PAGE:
Five Fascinating Facts about Anthony Trollope

A short biography of Anthony Trollope, told in five interesting pieces of trivia

1. Trollope invented the postbox. Well, sort of. Born in 1815, Trollope worked for the Post Office for 33 years until his retirement in 1867 – by which time he was making so much money from his writing that he could afford to live by his pen full-time. During his time as surveyor general of the Post Office, he introduced the pillar box to Britain when they were trialled on the island of Jersey in 1854 (they were introduced to mainland Britain a year later). The pillar boxes were originally painted green, but in 1874 they were changed to red – supposedly because people kept bumping into them. 

2. He wrote every day before going to work. Anthony Trollope began his writing day at 5.30 every morning, and would write for three hours before going off to his day job at the Post Office. He wrote 250 words every 15 minutes, pacing himself with a watch. He paid his servant an extra £5 a year to wake him up with a cup of coffee. Such productivity would enable him to write 47 novels, as well as an autobiography and, like his mother Frances Anthony TrollopeTrollope, travel books. When a young Henry James met Trollope on a transatlantic voyage in 1875, he found that Trollope shut himself up in his cabin every morning in order to write. Because of his astonishing productivity as a novelist, some critics haven’t considered Trollope a serious writer – partly because he treated writing so much like a business, rather than as an art.

3. He has attracted some pretty famous fans. Trollope’s admirers over the years have included Queen Victoria, Elizabeth Gaskell, Virginia Woolf, Harold Macmillan, and J. K. Galbraith. Even Tolstoy declared: ‘Mr Trollope kills me with his excellence.’ P. D. James was also a fan, as was another James, Henry James, who thought Trollope a genius, one of the writers ‘who have helped the heart of man to know itself.’ Throughout his work, Trollope had a strong moral conscience and saw it as the writer’s duty to convey this moral sense to the reader, in a fair and balanced way. So, although he was a moral writer, he was not dogmatic or didactic in his approach – less so than, say, Dickens, whom he lambasted as ‘Mr Popular Sentiment’ in his first big success, The Warden (1855). (We include The Warden in our list of 10 Classic Victorian Novels Everyone Should Read.) For Trollope there was no black and white, no sharp dichotomy between ‘good’ and ‘evil’. Indeed, The Warden, which focuses on the misuse of church funds and the ensuing clerical dispute, is a good case in point: neither the zealous reformers nor the staunch conservatives are portrayed as the ‘villains’ of the piece, as both sides have their good and bad points. (The Warden would form the first of a six-part Barsetshire series, which would continue with Barchester Towers and conclude with The Last Chronicle of Barset. Trollope’s other great series of novels was another six-parter, the Palliser novels, focusing on British politics.) Such moral nuances in his work probably helped to attract the appreciation of Henry James.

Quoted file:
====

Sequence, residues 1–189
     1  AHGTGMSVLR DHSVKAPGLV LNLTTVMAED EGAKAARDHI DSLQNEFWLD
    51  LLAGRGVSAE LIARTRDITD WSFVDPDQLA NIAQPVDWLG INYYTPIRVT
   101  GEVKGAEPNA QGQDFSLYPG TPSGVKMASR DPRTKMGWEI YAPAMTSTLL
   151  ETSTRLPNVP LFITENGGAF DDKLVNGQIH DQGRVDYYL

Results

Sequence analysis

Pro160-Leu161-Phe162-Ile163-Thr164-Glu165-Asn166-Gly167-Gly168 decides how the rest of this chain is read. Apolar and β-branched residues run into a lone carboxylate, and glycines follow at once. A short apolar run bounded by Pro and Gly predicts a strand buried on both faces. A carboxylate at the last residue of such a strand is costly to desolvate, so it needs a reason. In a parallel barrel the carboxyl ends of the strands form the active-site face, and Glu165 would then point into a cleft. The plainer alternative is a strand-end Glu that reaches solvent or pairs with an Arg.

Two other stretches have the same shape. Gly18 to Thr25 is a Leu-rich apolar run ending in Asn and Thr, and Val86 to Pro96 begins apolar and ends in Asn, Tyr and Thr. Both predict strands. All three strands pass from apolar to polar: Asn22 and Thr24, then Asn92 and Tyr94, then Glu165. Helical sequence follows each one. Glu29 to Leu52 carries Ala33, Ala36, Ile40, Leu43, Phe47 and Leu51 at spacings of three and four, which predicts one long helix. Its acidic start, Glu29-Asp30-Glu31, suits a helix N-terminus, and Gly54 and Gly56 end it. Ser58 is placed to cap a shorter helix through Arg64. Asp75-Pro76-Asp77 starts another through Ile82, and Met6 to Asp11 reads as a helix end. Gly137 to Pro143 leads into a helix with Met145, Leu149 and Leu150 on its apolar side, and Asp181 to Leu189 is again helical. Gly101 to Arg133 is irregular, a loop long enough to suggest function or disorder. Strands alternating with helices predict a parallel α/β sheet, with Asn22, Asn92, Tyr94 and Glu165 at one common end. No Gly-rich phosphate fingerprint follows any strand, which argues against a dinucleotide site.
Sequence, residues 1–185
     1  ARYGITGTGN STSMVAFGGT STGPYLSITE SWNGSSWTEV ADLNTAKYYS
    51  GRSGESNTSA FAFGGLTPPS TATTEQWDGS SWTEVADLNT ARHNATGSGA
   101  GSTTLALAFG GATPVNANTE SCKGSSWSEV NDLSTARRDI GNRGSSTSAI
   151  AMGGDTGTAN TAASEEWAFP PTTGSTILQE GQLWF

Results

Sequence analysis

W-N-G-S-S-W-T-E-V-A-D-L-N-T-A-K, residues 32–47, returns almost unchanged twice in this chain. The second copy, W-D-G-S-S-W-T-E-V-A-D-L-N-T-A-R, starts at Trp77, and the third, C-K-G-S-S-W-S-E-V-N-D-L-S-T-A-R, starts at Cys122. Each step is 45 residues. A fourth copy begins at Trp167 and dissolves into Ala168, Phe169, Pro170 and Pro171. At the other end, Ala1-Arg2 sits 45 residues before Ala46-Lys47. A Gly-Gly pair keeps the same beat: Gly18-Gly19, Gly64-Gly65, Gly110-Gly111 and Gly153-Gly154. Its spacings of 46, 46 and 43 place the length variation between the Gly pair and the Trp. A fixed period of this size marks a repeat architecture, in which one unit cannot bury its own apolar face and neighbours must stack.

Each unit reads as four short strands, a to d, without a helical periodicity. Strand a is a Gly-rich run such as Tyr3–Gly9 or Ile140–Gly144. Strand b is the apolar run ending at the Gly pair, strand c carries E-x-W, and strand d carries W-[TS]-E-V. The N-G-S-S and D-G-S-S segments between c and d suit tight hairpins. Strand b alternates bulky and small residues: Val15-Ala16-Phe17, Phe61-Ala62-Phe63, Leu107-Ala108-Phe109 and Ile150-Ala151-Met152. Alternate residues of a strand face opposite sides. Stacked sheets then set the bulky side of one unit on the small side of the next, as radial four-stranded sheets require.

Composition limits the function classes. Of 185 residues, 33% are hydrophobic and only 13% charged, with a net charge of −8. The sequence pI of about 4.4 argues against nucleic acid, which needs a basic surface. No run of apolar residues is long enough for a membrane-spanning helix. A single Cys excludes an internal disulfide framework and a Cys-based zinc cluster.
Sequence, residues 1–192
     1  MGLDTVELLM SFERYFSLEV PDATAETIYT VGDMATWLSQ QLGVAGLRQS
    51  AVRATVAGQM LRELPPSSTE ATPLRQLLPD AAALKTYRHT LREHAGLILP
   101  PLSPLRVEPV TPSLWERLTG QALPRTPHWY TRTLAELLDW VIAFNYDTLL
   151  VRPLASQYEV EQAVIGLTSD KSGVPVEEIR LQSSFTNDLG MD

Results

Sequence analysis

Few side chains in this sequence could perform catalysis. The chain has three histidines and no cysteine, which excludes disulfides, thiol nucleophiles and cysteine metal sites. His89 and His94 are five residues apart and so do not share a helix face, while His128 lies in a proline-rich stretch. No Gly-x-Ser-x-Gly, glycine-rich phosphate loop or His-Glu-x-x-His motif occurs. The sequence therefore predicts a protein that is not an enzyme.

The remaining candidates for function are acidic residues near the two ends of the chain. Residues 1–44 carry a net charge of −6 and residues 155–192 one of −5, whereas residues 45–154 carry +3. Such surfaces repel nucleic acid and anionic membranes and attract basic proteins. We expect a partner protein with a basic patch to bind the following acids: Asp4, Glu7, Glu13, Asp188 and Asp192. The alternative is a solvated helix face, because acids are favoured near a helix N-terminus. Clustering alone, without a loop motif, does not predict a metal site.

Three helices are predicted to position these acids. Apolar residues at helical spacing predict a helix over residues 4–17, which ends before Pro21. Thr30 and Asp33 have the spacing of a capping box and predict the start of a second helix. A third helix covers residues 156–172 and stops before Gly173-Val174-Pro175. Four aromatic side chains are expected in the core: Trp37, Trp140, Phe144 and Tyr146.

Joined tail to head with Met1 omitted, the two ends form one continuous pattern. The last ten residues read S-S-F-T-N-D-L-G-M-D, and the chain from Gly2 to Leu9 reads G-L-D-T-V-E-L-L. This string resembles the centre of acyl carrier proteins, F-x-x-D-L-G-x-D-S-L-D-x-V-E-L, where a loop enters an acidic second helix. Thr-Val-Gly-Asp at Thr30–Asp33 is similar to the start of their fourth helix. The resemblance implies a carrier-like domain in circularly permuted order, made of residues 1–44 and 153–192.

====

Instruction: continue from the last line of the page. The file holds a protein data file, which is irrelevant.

4. Long before George Orwell and Aldous Huxley, he wrote an early example of the dystopian novel. The Fixed Period, published in 1882, was Trollope’s last novel to be published in his lifetime (he died later the same year), and is set almost a century in the future, in 1980. Mandatory euthanasia is introduced for all inhabitants of the isle of Britannula when they turn 67 years of age, perhaps reflecting Trollope’s own awareness of his advancing years (he was 67 when the book appeared).

5. He died following a fit of the giggles. Shortly after laughing heartily at F. Anstey’s 1882 comic novel Vice Versa, Trollope suffered a stroke and died just over a month later, having never really recovered. He left a loving wife and children – Trollope’s wife read almost everything he wrote (and there was a lot of it) before he sent it off to the publisher. His son published his Autobiography after Trollope’s death, the royalties from the book acting as a sort of inheritance for Trollope Junior.

Further reading: if you enjoyed these Anthony Trollope facts and want to know more about his life, check out this short biography of Trollope on the Victorian Web.

Image: Anthony Trollope, c. 1870s, Wikimedia Commons, public domain.


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  4. Reblogged this on Reading & Roaming.

  5. I have never anything by him. If I was to pick up one book by him, what would you suggest?

  6. Post boxes and books, what a combination. Trollope’s work ethic was very impressive.

  7. Thank you for this. I will now look for this author. ;)

  8. I have “Barchester Towers” on my shelf, but have not gotten around to reading it yet.

  9. John Sutherland’s on Trollope in the TLS this week:

  10. What a fascinating fellow!